The Associated Press and “Frontline” conduct a sweeping seven-month investigation to reveal the failures that led to deadly shortages of essential medical gear in the U.S.
This week’s award recognizes AP investigative reporters Martha Mendoza and Juliet Linderman, whose exceptional multiformat journalism exposed the collapse of the U.S. medical equipment supply chain, leading to deadly shortages of crucial personal protective equipment (PPE) that left workers vulnerable to COVID-19.
In collaboration with public television’s “Frontline,” the Center for Global Reporting and AP reporters worldwide, “America’s Medical Supply Crisis” offered a sweeping examination of the nation’s fragmented medical supply chain, identifying a series of missteps in government and the healthcare system that contributed to one of the highest death rates per capita in the world.
The investigation elicited praise from public health experts and response from bipartisan members of Congress who are pushing legislation to solve dangerous shortages of masks, gloves, test swabs and other essential items in the United States.
The all-formats project included:
– The mainbar story and an abridged version.
– A ‘Frontline’ film reported by Linderman and Mendoza.
– An AP video on counterfeit masks by Allen Breed.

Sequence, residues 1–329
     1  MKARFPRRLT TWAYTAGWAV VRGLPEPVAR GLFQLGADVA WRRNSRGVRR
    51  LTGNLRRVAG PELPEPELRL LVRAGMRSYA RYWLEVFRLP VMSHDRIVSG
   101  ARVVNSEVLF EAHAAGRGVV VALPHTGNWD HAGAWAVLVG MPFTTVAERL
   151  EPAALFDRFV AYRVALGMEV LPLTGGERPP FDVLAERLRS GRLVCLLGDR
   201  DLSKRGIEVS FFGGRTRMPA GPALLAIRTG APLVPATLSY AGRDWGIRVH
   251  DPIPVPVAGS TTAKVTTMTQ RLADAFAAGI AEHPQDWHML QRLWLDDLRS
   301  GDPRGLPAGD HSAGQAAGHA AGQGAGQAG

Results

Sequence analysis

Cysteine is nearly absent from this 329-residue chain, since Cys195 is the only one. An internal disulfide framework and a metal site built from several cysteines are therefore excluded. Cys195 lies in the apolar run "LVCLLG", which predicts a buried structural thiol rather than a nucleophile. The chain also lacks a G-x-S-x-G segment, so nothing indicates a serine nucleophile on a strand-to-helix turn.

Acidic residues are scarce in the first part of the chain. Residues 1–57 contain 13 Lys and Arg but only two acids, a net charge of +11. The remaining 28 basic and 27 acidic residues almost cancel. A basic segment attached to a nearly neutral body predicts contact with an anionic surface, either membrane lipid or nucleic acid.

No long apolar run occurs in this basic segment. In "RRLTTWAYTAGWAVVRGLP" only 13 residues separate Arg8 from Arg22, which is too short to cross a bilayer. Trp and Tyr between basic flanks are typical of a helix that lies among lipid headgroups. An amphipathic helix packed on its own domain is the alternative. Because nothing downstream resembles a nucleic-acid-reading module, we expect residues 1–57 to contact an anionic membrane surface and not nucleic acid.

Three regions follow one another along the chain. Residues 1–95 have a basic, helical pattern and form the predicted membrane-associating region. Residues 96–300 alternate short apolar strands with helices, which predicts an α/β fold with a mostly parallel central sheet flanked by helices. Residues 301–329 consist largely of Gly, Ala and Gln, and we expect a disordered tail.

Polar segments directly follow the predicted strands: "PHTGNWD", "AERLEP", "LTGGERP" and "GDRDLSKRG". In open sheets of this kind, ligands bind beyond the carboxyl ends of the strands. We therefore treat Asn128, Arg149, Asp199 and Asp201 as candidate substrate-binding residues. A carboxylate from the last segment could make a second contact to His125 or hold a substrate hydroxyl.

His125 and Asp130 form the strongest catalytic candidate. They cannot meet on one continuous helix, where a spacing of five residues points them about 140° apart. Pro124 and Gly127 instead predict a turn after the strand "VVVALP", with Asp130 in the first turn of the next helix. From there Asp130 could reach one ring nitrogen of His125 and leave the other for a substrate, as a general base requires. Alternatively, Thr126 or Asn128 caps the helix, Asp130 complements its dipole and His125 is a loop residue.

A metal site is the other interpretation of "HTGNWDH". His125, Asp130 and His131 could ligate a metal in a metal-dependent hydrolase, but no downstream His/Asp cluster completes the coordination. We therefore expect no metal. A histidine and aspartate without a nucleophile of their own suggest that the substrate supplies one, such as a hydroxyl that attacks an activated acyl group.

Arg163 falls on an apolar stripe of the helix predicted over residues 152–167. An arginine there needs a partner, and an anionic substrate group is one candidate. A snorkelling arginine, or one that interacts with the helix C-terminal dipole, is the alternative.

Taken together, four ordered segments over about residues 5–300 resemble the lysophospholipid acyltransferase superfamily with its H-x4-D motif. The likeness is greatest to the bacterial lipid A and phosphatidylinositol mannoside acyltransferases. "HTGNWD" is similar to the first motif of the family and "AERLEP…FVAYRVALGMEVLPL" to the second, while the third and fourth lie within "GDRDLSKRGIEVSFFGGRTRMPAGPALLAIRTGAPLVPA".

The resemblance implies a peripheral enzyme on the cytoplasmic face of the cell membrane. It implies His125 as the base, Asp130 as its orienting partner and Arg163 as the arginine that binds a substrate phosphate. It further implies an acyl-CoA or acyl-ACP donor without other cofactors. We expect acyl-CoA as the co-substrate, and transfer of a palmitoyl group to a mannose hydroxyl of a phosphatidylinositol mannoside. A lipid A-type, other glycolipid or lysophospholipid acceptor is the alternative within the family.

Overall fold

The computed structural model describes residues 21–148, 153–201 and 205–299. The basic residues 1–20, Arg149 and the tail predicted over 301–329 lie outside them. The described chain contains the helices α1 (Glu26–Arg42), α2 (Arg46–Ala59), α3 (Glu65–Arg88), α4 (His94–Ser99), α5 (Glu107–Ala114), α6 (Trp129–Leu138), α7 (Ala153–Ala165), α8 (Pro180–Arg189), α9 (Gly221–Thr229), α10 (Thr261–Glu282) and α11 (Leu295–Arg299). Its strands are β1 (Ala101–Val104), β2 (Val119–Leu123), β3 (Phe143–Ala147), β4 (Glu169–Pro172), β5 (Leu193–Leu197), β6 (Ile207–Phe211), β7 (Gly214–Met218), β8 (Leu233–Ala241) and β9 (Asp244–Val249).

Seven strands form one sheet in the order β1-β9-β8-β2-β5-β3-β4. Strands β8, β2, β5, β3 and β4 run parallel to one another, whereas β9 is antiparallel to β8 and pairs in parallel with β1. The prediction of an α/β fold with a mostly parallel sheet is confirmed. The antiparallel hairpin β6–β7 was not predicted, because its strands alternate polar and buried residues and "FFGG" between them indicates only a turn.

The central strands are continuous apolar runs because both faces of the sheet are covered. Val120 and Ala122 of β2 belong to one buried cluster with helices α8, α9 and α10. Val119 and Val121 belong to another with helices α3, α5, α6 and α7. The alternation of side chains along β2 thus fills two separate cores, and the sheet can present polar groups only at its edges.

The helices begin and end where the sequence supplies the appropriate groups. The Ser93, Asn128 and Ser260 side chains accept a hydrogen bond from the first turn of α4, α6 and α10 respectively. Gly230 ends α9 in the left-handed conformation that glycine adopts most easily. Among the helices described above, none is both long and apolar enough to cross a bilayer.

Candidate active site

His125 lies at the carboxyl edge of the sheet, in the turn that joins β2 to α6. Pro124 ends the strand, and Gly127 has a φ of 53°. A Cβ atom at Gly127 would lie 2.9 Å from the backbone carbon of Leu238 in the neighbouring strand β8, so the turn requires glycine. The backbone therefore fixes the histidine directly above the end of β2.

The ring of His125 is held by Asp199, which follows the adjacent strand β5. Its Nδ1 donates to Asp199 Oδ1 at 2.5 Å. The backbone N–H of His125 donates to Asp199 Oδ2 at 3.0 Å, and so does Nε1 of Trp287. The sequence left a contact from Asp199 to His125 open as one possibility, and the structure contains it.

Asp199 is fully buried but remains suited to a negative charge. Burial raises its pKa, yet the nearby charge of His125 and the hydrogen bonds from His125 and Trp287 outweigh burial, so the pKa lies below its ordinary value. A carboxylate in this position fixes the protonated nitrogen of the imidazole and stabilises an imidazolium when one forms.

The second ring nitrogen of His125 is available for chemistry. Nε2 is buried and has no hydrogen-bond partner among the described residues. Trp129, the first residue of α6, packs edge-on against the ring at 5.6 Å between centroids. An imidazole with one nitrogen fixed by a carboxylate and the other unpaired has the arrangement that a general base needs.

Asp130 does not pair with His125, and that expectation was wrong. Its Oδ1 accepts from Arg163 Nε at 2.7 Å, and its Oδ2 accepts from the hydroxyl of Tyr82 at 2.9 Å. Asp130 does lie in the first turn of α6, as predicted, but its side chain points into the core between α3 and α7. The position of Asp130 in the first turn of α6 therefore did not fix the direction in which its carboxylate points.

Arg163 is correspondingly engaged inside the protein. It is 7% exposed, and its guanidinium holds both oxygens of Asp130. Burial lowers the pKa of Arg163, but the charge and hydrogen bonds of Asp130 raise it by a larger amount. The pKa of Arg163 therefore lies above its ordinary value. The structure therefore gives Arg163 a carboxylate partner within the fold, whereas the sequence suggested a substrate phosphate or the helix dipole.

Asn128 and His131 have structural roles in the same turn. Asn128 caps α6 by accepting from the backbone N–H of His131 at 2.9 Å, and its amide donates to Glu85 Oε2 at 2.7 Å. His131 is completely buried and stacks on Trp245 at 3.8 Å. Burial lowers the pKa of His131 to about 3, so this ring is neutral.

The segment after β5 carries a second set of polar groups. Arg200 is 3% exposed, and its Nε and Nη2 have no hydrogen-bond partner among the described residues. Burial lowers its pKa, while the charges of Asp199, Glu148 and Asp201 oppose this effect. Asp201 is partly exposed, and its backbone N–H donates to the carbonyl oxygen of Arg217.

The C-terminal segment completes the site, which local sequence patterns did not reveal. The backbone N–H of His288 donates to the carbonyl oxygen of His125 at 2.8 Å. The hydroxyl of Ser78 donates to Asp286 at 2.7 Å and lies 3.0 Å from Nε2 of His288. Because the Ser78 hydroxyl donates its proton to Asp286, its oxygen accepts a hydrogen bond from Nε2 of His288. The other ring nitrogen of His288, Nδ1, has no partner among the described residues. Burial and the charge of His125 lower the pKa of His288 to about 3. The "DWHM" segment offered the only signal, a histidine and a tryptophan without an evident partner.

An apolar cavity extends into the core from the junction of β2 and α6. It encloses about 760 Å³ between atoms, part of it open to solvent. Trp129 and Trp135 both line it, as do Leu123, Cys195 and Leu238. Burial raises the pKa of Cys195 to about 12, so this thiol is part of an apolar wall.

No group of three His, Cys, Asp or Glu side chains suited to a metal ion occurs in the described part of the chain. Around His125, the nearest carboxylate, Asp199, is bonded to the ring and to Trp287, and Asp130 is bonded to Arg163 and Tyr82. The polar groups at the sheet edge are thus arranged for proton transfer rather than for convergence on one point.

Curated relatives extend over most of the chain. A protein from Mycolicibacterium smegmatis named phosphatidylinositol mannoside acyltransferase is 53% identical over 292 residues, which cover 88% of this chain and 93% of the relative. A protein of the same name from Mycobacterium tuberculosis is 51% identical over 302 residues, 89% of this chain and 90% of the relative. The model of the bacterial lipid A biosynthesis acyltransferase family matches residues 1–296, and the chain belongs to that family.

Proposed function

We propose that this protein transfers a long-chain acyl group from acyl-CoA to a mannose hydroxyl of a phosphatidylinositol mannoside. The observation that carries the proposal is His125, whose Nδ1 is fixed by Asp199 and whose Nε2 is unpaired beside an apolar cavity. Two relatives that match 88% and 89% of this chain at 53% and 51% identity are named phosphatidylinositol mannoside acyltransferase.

– A photo package.
– An interactive graphic page.
– A five-takeaways piece.
– An investigative ‘Frontline Dispatch’ podcast.
– An extended recorded interview with White House trade adviser Peter Navarro.
– A Pulitzer Center lesson plan on the subject for teachers.
Edited by AP’s Jerry Schwartz, Chris Hulme, Alison Kodjak and Ron Nixon, this ambitious company-wide effort would have been a major challenge in any year. But with COVID-19-related mask and distance requirements and travel restrictions, the reporters had to be even more resourceful and collaborative.
Throughout the reporting this year, Linderman and Mendoza interviewed more than 100 people including nurses and doctors, medical and supply chain experts, manufacturers of personal protective equipment, and officials from the Bush, Clinton, Obama and Trump administrations. They filed Freedom of Information Act requests and pressed agencies and companies for documents.
They had several scoops for the “Deadly Shortages” series including:
– The contract for the most needles and syringes went to a new company with an untested, unapproved device and no factory.
– Imports of critical medical supplies abruptly stopped when cases across the nation began to soar.
– Counterfeit PPE flooded the U.S. market.
As well as praise from across the political spectrum, the story garnered nearly 100,000 pageviews on AP News. The “Frontline” piece was highlighted in the Washington Post, the Los Angeles Times, Reality Blurred and Poynter, and the reporters were interviewed on a half-dozen local radio stations around the U.S.
For breaking down a complex topic and showing the critical importance of medical supply chains during the pandemic, and the human costs when those supply chains fail, Linderman and Mendoza share AP’s Best of the Week award.